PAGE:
"Look, here is water. Why can't I be baptized?" We are told that they both went down into the water. In that water the Ethiopian went further down into death with his Lord Jesus. He came up a new man, and went on his way rejoicing. "Blessed are those who hunger and thirst for righteousness, for they shall be filled."
But let's suppose that the Ethiopian man came up out of the water unchanged. The baptism didn't seem to take. Let's suppose he returns to Ethiopia and remembers his baptism as a mere ritual. Nothing happened. He's still unfulfilled.
One morning as he's praying to God he cries out, "Oh God where is this new life that you promised?" And the answer comes back, "It's still waiting for you."
"Why didn't it come to me when Philip baptized me?" And God answers, "How could I give you new life until you give me your old life? You can't rise with Jesus to a new life until you die with Jesus to your old life."
So the Ethiopian man immediately offers up his life - abandons himself - goes down into those waters with his heart and spirit. Now his baptism is complete. He rises with Jesus into the life of the Spirit. And every day for the rest of his life he renews the process - dies to himself, rises to the will of God, denies himself, takes up his cross, and follows Jesus with power.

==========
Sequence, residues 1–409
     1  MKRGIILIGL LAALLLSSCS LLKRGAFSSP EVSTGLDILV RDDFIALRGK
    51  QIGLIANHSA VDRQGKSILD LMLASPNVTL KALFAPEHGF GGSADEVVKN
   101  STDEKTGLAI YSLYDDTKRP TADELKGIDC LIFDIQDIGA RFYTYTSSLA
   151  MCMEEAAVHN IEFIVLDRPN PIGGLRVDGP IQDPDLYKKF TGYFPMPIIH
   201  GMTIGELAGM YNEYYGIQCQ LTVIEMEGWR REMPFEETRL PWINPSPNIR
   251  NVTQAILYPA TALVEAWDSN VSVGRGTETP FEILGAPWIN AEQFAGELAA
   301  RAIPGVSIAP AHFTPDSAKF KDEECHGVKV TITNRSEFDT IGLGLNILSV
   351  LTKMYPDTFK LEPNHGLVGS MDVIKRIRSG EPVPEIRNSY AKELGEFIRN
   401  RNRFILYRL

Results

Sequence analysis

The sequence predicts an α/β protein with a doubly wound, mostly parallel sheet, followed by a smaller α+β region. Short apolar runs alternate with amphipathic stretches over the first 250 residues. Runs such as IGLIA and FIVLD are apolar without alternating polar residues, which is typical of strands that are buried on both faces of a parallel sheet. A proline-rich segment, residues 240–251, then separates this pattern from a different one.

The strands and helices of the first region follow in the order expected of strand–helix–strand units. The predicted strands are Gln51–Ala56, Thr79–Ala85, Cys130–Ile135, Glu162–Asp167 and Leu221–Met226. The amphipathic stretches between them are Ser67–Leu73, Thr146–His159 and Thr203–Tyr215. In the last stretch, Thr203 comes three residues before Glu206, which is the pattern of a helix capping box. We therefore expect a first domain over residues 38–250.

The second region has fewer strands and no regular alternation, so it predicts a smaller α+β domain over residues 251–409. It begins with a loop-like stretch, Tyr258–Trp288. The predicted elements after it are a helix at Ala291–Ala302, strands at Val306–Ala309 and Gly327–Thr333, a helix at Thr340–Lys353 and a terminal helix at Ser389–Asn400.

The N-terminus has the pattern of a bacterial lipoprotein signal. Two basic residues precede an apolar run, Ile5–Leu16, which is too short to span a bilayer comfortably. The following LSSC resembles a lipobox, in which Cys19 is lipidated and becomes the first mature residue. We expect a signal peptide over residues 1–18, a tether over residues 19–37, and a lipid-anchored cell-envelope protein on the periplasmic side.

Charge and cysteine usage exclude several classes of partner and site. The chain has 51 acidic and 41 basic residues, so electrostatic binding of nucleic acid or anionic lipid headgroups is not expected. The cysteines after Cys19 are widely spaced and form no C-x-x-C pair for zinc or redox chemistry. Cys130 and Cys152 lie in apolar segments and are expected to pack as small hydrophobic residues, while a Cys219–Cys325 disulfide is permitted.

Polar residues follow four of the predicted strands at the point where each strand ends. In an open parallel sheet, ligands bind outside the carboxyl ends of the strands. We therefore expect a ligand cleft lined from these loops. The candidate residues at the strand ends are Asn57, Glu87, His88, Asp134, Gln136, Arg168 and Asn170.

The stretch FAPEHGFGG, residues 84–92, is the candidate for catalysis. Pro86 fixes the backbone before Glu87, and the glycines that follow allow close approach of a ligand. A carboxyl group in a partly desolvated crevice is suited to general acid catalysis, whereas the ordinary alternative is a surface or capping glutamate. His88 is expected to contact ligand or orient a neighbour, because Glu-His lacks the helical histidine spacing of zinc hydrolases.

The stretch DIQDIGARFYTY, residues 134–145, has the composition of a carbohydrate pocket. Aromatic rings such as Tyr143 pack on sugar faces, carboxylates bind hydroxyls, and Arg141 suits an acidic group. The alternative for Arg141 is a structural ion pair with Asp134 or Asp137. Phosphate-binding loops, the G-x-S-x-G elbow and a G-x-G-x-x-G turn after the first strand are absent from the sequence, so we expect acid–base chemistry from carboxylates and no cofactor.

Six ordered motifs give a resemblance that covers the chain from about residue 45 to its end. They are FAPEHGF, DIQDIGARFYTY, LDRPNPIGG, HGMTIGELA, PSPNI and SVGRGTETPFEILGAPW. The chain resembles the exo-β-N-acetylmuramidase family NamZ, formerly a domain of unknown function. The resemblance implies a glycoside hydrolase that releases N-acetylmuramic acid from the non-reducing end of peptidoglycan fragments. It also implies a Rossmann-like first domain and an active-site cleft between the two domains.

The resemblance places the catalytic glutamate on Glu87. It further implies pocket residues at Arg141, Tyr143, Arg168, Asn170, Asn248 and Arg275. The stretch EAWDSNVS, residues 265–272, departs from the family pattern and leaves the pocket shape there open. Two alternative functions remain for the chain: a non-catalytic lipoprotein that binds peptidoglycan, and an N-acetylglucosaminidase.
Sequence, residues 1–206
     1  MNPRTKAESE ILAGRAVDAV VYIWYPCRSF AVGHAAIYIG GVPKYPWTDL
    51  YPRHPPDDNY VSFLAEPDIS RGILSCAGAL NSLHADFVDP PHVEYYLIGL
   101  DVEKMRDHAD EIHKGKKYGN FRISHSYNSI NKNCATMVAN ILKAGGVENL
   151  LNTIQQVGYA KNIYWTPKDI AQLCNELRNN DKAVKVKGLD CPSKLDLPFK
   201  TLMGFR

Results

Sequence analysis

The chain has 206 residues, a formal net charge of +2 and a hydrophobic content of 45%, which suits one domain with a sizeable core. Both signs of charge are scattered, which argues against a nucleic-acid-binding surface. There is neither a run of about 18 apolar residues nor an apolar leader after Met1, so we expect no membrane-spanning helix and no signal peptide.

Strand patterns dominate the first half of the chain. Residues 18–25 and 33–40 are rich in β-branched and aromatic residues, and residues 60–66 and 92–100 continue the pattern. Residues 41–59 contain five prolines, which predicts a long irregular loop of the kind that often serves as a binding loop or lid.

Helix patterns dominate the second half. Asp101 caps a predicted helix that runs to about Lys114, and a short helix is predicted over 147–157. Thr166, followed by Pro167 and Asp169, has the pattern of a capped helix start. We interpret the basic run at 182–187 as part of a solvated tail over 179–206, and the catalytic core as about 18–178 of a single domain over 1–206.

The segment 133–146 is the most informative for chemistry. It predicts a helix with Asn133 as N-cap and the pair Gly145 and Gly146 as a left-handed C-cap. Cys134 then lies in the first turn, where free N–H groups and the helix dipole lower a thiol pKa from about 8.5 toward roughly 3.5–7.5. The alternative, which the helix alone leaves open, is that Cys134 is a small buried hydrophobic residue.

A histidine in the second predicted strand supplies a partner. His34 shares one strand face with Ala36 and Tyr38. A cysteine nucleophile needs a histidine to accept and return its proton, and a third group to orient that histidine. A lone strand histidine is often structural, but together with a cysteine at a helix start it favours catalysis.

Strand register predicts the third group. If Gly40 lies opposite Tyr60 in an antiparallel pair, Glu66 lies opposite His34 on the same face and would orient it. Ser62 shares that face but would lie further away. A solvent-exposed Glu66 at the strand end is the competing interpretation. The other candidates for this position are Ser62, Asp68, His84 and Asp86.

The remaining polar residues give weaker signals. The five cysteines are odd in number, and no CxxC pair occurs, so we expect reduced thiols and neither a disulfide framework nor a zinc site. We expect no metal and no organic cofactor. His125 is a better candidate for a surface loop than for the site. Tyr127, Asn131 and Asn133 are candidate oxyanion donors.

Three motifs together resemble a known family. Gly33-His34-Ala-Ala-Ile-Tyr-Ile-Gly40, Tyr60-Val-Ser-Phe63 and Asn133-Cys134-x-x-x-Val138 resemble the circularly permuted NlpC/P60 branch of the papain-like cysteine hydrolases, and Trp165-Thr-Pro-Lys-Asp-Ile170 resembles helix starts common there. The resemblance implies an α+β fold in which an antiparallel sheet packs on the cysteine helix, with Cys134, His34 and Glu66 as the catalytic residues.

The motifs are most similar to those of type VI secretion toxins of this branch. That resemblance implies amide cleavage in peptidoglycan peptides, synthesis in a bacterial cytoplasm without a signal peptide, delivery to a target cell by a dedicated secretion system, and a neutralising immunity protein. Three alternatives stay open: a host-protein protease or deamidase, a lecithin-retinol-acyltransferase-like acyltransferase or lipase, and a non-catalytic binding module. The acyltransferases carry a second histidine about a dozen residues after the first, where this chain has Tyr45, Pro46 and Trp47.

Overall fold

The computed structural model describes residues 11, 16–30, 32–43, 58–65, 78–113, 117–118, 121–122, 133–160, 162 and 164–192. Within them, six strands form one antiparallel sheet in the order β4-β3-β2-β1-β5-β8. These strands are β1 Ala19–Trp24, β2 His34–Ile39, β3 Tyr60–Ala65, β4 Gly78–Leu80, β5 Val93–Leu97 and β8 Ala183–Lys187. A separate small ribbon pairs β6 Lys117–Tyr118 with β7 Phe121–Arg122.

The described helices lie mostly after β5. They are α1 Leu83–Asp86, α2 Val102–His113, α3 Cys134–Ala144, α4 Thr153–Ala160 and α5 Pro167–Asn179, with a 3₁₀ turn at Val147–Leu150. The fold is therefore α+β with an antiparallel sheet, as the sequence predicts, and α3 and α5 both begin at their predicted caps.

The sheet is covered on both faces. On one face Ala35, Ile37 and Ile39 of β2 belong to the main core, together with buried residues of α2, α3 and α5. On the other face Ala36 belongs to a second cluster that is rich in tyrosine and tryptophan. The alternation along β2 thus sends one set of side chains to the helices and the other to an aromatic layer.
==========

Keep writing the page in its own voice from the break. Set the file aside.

Our baptism, no matter how properly it was done, is only as good as the death we died there. Jesus died to himself in those waters. The Ethiopian died to himself in those waters. We have to do the same.
What does it mean to die to ourselves? It means first of all, that you join yourself by faith to Jesus' death.
"I am crucified with Christ, it is no longer I who live, but Christ who lives in me."
"Do you not know that all of us who have been baptized into Christ Jesus were baptized into his death?"